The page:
County Legislators Approve Moving Forward On Nuke Deal Without The School District

OSWEGO, NY – The Oswego County Legislature approved an intermunicipal agreement between the county and town of Scriba regarding Nine Mile Point Unit I and Unit II nuclear power plants.

The agreement allows the parties to continue with the appraiser without the Oswego City School District, according to Phil Church, county administrator.

Last summer, the county and town approved an $11 million tax deal with Unit 1.

Under terms of the pact, Scriba would have received $544,500, the county $4.1 million and more than $6 million for the school district. However, the district rejected the deal; the other two approved it.

The district filed a petition opposing the agreement. It was later dismissed by a Supreme Court justice.

The Scriba assessors set a value of $600 million, based on an appraisal of the plant by George Sansoucy LLC.

Thursday night, the legislature approved

They have retained the law firm of Duane Morris to represent their common interests in the property tax negotiations with Constellation Energy, the plants’ owner.

The district’s litigation against the town and county, which is presently on appeal, makes collective bargaining “problematic,” the resolution noted, adding, the district suspended the former intermunicipal agreement in December 2010.

According to Thursday’s agreement, the parties agree that the former intermunicipal agreement with the Oswego City School District is cancelled.

In a separate move, the legislators agreed to pay Sansoucy a fixed rate of $25,000, payable upon delivery of the draft summary appraisal report.

The fee shall be paid 65 percent by the county and 35 percent by the town.

Former legislator and current Oswego school board member Fran Hoefer addressed the lawmakers prior to the vote.

The recent power plant disaster in Japan proves “that nuclear power plants are extremely dangerous, extremely dangerous!” Hoefer said. “We have three of them in our back yard! These plants are all past their original life span.”

When, as a board member, he approved the PILOT (Payment In Lieu Of Taxes) for the power plant, it was one of the biggest mistakes of his life, he said.

In the 11 years since, Oswego County property taxes have skyrocketed, according to Hoefer.

Last year the district and the county hired one of the best nuke plant assessors in America to place a value on Nine Mile I, he said.

That value was $600 million and “the assessors in Scriba unilaterally reduced that value to $280 million. Why did they do that? Why did the Scriba assessors reduce a reasonable, fair, logical, expensive to obtain assessment by more than 50 percent?” he asked.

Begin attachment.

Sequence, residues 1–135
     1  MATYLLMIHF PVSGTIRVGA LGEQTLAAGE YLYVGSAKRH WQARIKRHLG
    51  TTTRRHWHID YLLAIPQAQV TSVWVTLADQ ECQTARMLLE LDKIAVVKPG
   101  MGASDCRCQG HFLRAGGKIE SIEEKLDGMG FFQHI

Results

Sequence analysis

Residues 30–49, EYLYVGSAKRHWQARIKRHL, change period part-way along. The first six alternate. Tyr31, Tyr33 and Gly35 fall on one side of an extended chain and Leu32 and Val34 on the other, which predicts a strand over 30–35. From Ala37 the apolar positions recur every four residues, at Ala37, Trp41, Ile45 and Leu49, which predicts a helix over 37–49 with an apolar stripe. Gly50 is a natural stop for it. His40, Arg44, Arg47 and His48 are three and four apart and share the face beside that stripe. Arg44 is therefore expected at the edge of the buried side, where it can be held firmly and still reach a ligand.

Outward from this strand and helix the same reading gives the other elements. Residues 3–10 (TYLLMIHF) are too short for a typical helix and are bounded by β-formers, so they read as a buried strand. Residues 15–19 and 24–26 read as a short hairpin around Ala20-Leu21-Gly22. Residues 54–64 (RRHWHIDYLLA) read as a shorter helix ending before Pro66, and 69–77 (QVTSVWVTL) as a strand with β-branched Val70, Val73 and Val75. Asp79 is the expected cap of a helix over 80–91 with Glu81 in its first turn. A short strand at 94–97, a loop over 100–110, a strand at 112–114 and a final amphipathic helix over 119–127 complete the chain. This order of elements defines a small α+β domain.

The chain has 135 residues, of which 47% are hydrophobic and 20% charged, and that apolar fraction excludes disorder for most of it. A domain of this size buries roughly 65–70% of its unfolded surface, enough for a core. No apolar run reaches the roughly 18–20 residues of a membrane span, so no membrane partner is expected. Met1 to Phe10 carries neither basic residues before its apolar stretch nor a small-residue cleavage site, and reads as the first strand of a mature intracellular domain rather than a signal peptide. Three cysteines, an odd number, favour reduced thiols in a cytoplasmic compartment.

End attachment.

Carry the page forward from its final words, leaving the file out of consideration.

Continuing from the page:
The legislature is in a position to significantly reduce the property tax burden on county taxpayers, he said.

“You people are in a position to make this county one of the most affordable places in New York State to live,” he told the legislators. “You people can reverse the out-migration of jobs and businesses in this county. But, instead, you’re all falling all over yourselves to give a property tax deal to a dangerous, foreign owned nuclear power company that is exporting the profits to France! What’s up with that?”

He urged them to set a fair valuation on the nuclear plants “and make them pay their fair share.”

“PILOT negotiations conducted behind closed doors, cloaked in secrecy, without public participation have put us in the economic decline we are currently facing,” Hoefer said. “Please put a fair value on our nuke plants and put them on the tax roll!”

Earlier Thursday, speaking for the district, Superintendent of Schools Bill Crist told Oswego County Today: “The Oswego City School District is still very interested in working with the town of Scriba and the county toward a mutual agreement with municipalities and Constellation Energy. We are optimistic that all parties will find common ground that will benefit the school district residents.  We have been in an intermunicipal agreement for approximately 18 months and we welcome the opportunity to work in the interests of all taxing jurisdictions in the future.”